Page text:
Burnt Butter and Salted Maple Cinnamon Buns

Get over your fear of baking with yeast with this easy recipe for cinnamon buns.



I’ve always been a quick bread kind of girl. You know, of the pumpkin bread or banana bread variety and all those loaves that rely on baking powder or baking soda to rise. And it isn’t because of the word “quick” as speed has nothing to do with it. Nope, I don’t necessarily mind involved recipes if the payoff is worth it. My preference is out of fear. Yes, fear. I fear yeast. There. I said it. Yeast scares me. I can count on one hand the number of recipes I’ve baked with it. And I’m turning 53 years young this month. That’s about once a decade since I was old enough to bake unsupervised. Pretty sad, really.

But see, here’s my dilemma: I love yeasty treats once in a while.

So I decided it was time to get over it already.


Fear be gone!

This recipe helped. A lot. It’s adapted from Donna Hay’s “Modern Baking” which published last year. The dough? Heavenly. So supple and easy to work with. I’m in love with it.

Almost enough to vanquish the memories of my yeasty baking fails. Like the time I “made" French bread and the first loaf never rose. And the second rose long enough for me to get a half way decent photo for the newspaper so long as I shot it top down because straight on? Ooof! No hero shots there cuz, really … Not so pretty.

Every time out, I either killed the dang yeast with water too warm. Or used water not warm enough. Or the house was just too cold to get much of a rise. At least, that’s the story I’m sticking with.


But this recipe. Well, this one is so easy and easily adaptable to other tasty yeasty treats!

Originally, the recipe was called Burnt Butter and Salted Maple Sticky Buns as it made a boatload of super sweet burnt butter maple sauce that is supposed to line the baking sheet and then you drizzle more on top and that’s how I made it initially, following the recipe exactly. But it was a sticky, sweet, saturated mess that as soon as it cooled down, became hard like candy. Ultimately the yeasty goodness of the bread was overpowered by the overly sweet maple syrup.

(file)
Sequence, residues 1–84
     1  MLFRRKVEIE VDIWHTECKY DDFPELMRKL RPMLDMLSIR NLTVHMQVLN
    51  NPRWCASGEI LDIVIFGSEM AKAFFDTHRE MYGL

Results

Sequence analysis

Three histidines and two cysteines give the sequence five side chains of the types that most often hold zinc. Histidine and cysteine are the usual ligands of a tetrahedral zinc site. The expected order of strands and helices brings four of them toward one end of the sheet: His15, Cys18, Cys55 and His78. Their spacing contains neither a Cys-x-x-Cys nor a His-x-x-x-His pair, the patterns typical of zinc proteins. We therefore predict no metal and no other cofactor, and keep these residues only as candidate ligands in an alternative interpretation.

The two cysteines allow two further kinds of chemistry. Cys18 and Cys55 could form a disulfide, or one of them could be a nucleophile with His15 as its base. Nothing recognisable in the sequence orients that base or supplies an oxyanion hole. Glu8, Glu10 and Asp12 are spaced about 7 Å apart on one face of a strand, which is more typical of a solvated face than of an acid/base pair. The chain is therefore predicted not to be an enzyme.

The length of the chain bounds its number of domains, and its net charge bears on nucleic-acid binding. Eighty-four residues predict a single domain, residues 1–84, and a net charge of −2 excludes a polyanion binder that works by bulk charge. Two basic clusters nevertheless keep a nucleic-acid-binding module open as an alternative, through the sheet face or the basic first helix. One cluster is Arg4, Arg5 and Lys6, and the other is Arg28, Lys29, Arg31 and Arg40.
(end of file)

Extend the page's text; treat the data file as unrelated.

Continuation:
Since I don't like soggy, overly sweat treats, I made some changes including adding some cinnamon and voilĂ ! Cinnamon buns. Mmmm.

This is the dough before the first rise.
The dough doubled in size after proofing in my hacked oven for 1 hour.


Tips for working with yeast

So, how does yeast work? While the bread is baking, the yeast feeds on the sugar and starches in your dough. This activity produces CO2 which causes the dough to rise. Now, on with the pointers:

  1. There are two kinds of yeast for baking: active dry yeast and instant – or rapid rise – yeast. The first must be bloomed in water first (called “proofing,” a process that activates the yeast) while the second can be added directly into the dry ingredients. I’ve used both. I prefer the first because that way I can be sure that the yeast is alive and all my hard work (and ingredients) won’t go to waste. But I know just as many bakers who prefer the speed of the instant yeast. 
  2. Don’t kill the yeast with water that is too hot. Many tips say room temperature water will do but truth be told, that is unreliable because depending on where you live and what time of year it is, that water could be too cold or too warm. I’m speaking from experience here! One time I waited 40 minutes on a cold rainy day for the yeast to activate only to have wasted 40 minutes. I now warm my water in the microwave for about 15 seconds and then use a thermometer to make sure the water is between 105 to 110 degrees Fahrenheit (I usually aim for 108 to make sure it isn’t too hot). Yes, yeast can multiple at 95 degrees, but it needs a few more degrees to get active yeast to actually proof and dissolve fully.
  3. Check your yeast. If you aren’t sure if your yeast is still good, you can use a pinch of sugar to make sure it’s still alive as yeast feeds on sugar. Add the yeast and a pinch of sugar to the proper temperature water and stir. Let it stand for two minutes. If the yeast is alive, it will have completely dissolved and start bubbling by the end of those two minutes. Then you’ll know you’re golden.
  4. Salt kills yeast. Don’t let it come into direct contact with yeast before or during the proofing. Salt in recipes should be added in with the dry ingredients, which is just fine and won't harm the yeast if the yeast is added with wet ingredients first before coming into contact with the salted flour.
  5. Store unused yeast in the freezer. If you buy more yeast than you need, store extra yeast in the freezer. Doing so basically puts the yeast into suspended animation and the best part is, you’ll never have to worry about your yeast not being good. Plus, it can go directly from the freezer to the proofing step, no need to have it “come up to room temp."